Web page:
Macro Insights Weekly: Singapore’s Census: Older, richer, smarter


Singapore’s 2020 Census reveals a society that continues to attain more wealth and education, with a marked rise in the proportion of elderly population and a steady shrinkage of family size.
Taimur Baig, Nathan Chow21 Jun 2021
  • Real annual household income has grown by an average of 2.8% during the course of the last decade
  • 33% of the above 25 population are university graduates, from 23.7% a decade ago
  • Proportion of resident households with at least one member aged 65+ rose to 34.5% in 2020
  • The average household size has decreased from 3.5 persons to 3.2 persons
  • Share of married couples with a working wife increased from 52.9% to 60% over the past decade
Photo credit: AFP Photo


Commentary: Singapore’s 2020 Census

With per capita income heading toward USD60,000, Singapore is one of the richest societies in the world. Its social and economic standard of living indicators, physical infrastructure, human capital, and financial assets are world class, topping many international tables. Yet it has many moving parts, with the population aging, income inequality high, and some degree of job insecurity with growing skills mismatch.

Singapore’s 2020 Census is a useful stock-taking exercise of a society that continues to attain more wealth and education, yet with a marked rise in the proportion of elderly population and shrinkage of family size. Some highlights:

Income: Real annual household income has grown by an annual average of 2.8% during 2010-20. Median annual income, which includes CPF contribution by employers, rose to nearly SDG91,000 during this period, a 38% rise in nominal terms. This constitutes a 50% increase in household per capita income, as households have become smaller (from 3.5 to 3.2).



Aging: Singaporeans are richer, but also older. The proportion of resident households with at least one member aged 65+ rose from 24.1% in 2010 to 34.5% in 2020. Those over 65- years and older made up 15.2% of residents last year, the corresponding figure was 9% in 2010. If current trend persists, this age cohort will become Singapore’s largest by the middle of this decade, with profound implications for healthcare, retirement-related services, fiscal policy (particularly the magnitude of government transfers), and the labour force.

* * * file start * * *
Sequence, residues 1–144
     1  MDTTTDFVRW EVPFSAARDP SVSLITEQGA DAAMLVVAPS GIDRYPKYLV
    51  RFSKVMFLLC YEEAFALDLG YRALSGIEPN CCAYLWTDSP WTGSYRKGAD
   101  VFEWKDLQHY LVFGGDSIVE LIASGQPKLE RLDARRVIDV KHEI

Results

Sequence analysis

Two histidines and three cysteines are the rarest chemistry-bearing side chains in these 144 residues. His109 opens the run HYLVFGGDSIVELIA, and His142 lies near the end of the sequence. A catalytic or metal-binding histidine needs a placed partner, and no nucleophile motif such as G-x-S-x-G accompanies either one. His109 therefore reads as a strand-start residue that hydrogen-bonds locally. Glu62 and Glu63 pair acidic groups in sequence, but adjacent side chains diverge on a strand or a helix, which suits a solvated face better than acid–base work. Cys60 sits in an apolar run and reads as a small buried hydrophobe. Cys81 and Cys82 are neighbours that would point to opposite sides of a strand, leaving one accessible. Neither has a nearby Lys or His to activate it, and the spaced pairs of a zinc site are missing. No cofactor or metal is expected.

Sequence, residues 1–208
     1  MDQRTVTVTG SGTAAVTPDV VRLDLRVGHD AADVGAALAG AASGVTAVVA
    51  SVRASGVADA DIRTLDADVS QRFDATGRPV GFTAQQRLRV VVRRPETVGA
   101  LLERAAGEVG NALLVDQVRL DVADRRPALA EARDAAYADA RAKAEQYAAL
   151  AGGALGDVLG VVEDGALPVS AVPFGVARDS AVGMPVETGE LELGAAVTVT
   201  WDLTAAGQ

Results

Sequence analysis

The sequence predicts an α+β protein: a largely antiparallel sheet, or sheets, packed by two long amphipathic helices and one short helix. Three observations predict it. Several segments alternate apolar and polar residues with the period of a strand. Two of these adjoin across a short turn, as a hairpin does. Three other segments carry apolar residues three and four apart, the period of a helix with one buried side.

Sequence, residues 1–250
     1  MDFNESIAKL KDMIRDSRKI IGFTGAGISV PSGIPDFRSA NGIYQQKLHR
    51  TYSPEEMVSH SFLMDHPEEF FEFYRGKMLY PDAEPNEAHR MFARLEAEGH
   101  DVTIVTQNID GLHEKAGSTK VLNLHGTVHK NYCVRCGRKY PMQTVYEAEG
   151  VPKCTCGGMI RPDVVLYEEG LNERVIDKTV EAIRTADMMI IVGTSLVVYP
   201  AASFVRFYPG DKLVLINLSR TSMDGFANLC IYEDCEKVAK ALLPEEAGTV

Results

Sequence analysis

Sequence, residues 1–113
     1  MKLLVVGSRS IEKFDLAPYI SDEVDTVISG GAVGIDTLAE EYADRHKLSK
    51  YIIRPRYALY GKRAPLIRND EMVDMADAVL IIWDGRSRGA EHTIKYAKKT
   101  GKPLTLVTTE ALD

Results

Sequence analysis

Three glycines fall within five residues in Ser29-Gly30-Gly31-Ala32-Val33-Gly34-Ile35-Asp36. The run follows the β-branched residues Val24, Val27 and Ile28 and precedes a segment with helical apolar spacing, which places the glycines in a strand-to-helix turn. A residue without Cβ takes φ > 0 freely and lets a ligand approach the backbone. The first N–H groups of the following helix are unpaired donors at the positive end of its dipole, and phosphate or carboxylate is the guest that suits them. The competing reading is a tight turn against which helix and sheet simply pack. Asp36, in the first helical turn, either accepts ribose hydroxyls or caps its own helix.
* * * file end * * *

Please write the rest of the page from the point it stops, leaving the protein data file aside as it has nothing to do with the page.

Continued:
Education: 33% of the above-25 population are university graduates, up from 23.7% a decade ago. Although education attainment varies widely among the three major ethnic groups, it is heartening to note that all groups have made sizeable gains in recent decades. Nearly half the residents speak English primarily at home, a remarkable jump from 23% two decades ago.

Role of women: Women’s role in the society is becoming more prominent; share of married couples with a working wife increased from 52.9% to 60% over the past decade. The share of resident married couples where both husband and wife have equal qualifications rose to 46.6%. Indeed, in 22.5% of households comprising of married couples, women have more education qualification than their spouses. There are many areas of improvement though, for example the need to provide women with more flexibility and financial incentive to meet their needs for childcare and elderly care. As the Covid pandemic has clearly demonstrated worldwide, health and financial crises affect women disproportionately; a compassionate and generous societal response is needed to address such headwinds.

Taimur Baig


To read the full report, click here to Download the PDF.

Taimur Baig, Ph.D. 泰穆爾 貝格, Ph.D.

Chief Economist - G3 & Asia 集團首席經濟學家 - G3 及亞洲
taimurbaig@dbs.com

Nathan Chow 周洪禮

Senior Economist/Strategist 策略師 - 中國及香港
nathanchow@dbs.com


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